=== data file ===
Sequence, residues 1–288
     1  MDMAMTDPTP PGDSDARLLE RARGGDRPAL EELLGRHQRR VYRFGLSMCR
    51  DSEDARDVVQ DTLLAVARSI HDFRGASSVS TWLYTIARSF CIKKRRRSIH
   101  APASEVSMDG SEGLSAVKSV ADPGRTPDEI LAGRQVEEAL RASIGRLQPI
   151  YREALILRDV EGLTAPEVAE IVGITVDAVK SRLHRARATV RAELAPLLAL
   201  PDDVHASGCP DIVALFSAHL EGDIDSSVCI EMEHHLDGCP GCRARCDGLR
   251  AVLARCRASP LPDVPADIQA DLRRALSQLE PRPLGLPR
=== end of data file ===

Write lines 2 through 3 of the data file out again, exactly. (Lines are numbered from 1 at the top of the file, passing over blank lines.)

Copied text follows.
     1  MDMAMTDPTP PGDSDARLLE RARGGDRPAL EELLGRHQRR VYRFGLSMCR
    51  DSEDARDVVQ DTLLAVARSI HDFRGASSVS TWLYTIARSF CIKKRRRSIH